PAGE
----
Another non-hero is also a government employee. Her name is Gabrielle Giffords, the stricken Arizona congresswoman who was shot and survived in a lunatic’s attack in Tucson, Arizona, last year. It was a good call for her to quit, as she recently announced, though it would have been better had she done it sooner. Her district has essentially been without representation since she was injured in a terrible tragedy in which lives were lost. It is a representative’s job to serve the republic and represent constituents and she should have quit her job months ago. Instead, Congresswoman Giffords, too, is being treated as some sort of heroine. I am sure there are millions of Americans like me who are sorry she was shot and wish her well. But it doesn’t make her a heroine or excuse the lack of representation for Americans who deserve full, congressional representation during the nation’s darkest times since the Depression.
A third government non-hero, Kentucky Senator Rand Paul, a Christian libertarian son of a GOP presidential candidate, was detained earlier today by the TSA for refusing a government-dictated security pat-down. While Sen. Paul exercised his individual rights and I hope (and doubt) his act of civil disobedience encourages people to act to kill the TSA, Matt Drudge’s red-colored headline, “TSA DETAINS U.S. SENATOR”, should read: TSA DETAINS U.S. CITIZEN. The outrage is that Americans are submitted to the tyranny of unconstitutional restrictions on travel and association every day. That a politician is affected, too, should be of no concern to anyone except the politician. Any decent politician would use the detainment as an opportunity to build support for a law abolishing the government agency.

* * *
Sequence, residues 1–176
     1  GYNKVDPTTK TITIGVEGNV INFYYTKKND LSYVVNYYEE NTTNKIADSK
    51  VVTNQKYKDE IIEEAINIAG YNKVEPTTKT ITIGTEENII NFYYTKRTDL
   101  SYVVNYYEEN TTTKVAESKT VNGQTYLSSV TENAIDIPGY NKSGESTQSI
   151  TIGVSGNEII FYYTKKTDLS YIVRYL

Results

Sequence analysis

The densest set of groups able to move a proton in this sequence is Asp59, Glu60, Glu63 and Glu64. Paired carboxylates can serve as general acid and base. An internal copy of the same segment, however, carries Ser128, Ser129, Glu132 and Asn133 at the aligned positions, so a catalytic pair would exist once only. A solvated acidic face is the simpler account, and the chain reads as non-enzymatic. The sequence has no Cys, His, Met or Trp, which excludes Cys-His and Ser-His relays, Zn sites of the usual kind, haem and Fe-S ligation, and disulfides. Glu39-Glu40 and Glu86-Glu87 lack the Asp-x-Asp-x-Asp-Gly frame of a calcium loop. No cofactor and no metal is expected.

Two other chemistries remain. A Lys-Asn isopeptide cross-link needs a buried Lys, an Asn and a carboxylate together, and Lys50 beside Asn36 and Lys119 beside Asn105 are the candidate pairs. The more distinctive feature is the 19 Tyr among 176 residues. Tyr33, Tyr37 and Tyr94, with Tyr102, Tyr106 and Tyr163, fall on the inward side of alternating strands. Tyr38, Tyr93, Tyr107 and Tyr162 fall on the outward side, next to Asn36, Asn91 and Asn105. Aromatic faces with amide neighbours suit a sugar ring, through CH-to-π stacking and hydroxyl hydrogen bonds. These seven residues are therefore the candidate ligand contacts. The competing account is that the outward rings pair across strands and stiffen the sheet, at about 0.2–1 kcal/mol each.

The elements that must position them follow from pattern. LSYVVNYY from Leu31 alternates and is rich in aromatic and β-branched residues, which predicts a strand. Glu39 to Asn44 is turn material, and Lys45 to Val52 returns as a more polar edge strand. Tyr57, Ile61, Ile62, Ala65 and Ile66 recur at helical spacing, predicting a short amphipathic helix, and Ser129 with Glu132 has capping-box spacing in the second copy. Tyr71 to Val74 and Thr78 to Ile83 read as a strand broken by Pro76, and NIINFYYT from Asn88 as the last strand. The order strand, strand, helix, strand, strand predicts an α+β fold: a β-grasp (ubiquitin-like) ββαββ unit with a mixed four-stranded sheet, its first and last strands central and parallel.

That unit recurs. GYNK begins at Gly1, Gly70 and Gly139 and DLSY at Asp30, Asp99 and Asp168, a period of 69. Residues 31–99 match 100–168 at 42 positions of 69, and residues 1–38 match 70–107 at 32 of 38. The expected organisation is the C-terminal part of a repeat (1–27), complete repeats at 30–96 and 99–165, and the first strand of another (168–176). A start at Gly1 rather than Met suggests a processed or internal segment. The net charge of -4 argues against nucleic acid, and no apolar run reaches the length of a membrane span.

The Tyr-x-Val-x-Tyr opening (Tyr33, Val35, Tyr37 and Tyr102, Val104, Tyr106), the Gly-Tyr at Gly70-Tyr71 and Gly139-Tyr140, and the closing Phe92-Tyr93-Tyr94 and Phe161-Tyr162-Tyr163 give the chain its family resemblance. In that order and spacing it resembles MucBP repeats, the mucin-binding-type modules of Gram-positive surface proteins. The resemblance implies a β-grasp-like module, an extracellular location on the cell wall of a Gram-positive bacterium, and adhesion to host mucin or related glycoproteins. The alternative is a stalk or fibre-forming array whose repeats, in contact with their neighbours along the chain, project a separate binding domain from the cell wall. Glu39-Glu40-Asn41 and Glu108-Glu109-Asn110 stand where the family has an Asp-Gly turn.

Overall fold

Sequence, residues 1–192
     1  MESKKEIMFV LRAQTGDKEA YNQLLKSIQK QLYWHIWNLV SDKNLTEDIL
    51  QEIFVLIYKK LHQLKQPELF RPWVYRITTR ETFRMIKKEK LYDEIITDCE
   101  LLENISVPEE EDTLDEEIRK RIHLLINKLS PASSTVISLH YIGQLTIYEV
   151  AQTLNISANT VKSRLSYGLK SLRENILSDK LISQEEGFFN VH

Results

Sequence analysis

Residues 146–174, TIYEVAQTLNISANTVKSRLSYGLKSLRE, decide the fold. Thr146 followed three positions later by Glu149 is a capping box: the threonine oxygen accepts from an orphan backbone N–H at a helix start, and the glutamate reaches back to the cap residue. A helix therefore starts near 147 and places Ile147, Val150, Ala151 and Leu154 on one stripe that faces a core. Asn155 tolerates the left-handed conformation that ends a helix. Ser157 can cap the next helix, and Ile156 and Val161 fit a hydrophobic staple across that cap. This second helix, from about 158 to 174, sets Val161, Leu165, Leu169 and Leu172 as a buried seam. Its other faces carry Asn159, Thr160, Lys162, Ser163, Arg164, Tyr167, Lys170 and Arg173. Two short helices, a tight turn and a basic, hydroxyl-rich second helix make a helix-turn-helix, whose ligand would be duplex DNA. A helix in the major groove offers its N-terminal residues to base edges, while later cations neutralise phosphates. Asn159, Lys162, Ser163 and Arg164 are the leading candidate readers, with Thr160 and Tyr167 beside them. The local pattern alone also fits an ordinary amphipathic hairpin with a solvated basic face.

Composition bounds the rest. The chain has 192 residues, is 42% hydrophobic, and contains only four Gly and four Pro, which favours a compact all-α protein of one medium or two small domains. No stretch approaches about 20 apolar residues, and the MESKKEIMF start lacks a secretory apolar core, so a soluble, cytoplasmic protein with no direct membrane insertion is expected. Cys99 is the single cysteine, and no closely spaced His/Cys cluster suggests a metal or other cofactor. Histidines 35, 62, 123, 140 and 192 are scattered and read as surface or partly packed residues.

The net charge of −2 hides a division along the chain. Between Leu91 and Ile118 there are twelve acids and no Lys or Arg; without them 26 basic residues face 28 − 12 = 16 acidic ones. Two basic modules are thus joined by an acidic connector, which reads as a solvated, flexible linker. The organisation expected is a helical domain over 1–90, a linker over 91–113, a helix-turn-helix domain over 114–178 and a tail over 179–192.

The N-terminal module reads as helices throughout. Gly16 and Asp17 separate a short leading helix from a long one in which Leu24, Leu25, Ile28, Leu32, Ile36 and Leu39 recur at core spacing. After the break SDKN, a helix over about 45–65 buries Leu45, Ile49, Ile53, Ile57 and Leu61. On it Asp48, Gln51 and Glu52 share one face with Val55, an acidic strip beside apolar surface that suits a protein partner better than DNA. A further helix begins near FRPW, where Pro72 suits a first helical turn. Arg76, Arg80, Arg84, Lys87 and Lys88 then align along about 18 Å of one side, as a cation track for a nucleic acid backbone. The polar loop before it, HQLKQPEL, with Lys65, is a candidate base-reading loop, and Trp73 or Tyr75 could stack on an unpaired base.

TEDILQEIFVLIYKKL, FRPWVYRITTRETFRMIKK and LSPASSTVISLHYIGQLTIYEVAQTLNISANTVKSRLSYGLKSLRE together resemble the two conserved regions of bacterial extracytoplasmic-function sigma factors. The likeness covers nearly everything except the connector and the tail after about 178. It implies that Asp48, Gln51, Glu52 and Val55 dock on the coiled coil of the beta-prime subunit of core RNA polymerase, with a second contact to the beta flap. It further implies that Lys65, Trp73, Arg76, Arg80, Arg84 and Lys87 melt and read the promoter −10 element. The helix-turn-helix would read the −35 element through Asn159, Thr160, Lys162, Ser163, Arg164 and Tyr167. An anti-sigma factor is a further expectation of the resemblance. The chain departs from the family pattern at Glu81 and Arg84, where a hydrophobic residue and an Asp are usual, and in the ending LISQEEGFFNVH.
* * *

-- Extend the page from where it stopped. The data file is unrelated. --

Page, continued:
Because praise for non-heroes trivializes the concept of heroism, glorifying these three government workers – Coach Paterno, Congresswoman Giffords, Senator Paul – redounds to anti-hero worship. Real heroes are those who consistently live life at their best; men such as Andrew Carnegie, Steve Jobs and John Lewis. Real hero-worshippers refuse to raise a glass to mediocrity. They know the difference.
Concerned that hers would be a distorted, doddering depiction of Margaret Thatcher, the former Prime Minister of the United Kingdom (1979-1990), I was more or less dragged to see The Iron Lady and was pleasantly surprised by the movie, starring the overrated Meryl Streep (Doubt, Mamma Mia!), one of my least favorite actresses. The framing device, Thatcher’s delusional visits with her late husband, Denis (Jim Broadbent), provides a subtle focus on the price she paid for power and, while some may find it distracting, I found it interesting. The framing of this old former prime minister, holding on to her top value as a means of orienting herself to a harsh reality, deepens one’s understanding of what might motivate an intellectual woman to seek power over one of the West’s greatest countries.
In a culture that fetishizes powerful women instead of admiring them for themselves and their achievements, The Iron Lady stands out as a well-crafted tale of a woman who merely steps in to run things because no one else is really up to the job. Another forceful mind in history, Ayn Rand, once wrote unfavorably about the issue of a woman president and, seeing The Iron Lady, one is reminded why. Throughout modern history, from Catherine the Great to Israeli Prime Minister Golda Meir and former presidential candidate Hillary Clinton, the toll such power takes is clear and director Phyllida Lloyd (Mamma Mia!), with writer Abi Morgan, deftly suggests that what moves Margaret Thatcher is looking up to man, not looking down upon men.